Antievolution legislation threatened in Utah yet again


Utah state senator Chris Buttars is at it again. Over the summer, he threatened to introduce legislation calling for "divine design" to be taught in Utah's public schools, then withdrew the threat after talking to the state superintendent of education, and then reinstated it in response to the adoption of a firm position statement on the teaching of evoution by the state board of education. In a November 15, 2005, post on the Utah senate majority's blog, Buttars wrote, "I'm asked on an ongoing basis if I plan to introduce a bill concerning the Utah State Board of Education's position on teaching evolution. The answer to that question is yes. I've opened a bill file and I'm currently working on the language. The bill text is not yet public and will remain private until I'm satisfied that 1) the intent of the bill is clear, 2) how it will be administered is also clear, and 3) it can withstand a court challenge."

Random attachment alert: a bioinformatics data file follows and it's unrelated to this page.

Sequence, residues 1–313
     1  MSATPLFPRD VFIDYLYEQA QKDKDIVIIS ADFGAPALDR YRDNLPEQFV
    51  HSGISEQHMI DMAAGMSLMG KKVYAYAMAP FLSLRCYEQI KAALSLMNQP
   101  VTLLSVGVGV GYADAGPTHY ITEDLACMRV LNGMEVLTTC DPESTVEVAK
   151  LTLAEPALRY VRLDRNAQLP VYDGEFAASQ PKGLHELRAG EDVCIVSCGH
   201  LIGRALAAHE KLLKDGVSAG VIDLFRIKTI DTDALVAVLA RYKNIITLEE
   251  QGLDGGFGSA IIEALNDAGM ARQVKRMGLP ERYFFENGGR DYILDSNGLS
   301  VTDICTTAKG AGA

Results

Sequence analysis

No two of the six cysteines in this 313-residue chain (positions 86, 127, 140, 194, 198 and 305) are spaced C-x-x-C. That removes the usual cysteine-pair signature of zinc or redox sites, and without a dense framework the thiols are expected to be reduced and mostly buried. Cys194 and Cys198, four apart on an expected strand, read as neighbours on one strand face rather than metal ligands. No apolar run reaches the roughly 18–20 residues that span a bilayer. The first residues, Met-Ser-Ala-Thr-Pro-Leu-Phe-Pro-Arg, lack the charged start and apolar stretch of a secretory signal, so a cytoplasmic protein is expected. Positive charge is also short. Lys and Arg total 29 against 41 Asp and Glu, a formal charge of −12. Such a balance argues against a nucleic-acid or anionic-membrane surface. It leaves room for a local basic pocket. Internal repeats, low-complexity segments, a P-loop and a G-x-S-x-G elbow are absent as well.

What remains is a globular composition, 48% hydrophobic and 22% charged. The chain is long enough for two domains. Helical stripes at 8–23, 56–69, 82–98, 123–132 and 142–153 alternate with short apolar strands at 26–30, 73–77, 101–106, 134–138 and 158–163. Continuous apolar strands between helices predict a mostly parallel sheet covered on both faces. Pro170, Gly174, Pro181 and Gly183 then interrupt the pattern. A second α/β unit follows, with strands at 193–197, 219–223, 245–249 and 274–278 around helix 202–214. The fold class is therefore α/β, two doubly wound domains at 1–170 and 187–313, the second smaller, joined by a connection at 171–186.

Subsequently, the Deseret Morning News (November 17, 2005) reported that the bill is to be unveiled at the annual meeting of the Utah Eagle Forum, days before the Utah legislature convenes. Buttars was cagey about its exact content, telling the newspaper, "I have it 'confidential'" -- that is, shielded from public view -- "and it's 'prioritized.' That means it will be heard," but declining to say whether it would require the teaching of "intelligent design." Explaining that the bill's purpose was to challenge the state board of education's position on evolution, Buttars said that it might require the school board to revise its statement or require teachers to read a disclaimer about evolution: "We've got two or three different [things] we're looking at right now." Utahns concerned about the threatened legislation are encouraged to get in touch with Duane Jeffrey, a professor of biology at Brigham Young University and a member of NCSE's board of directors, at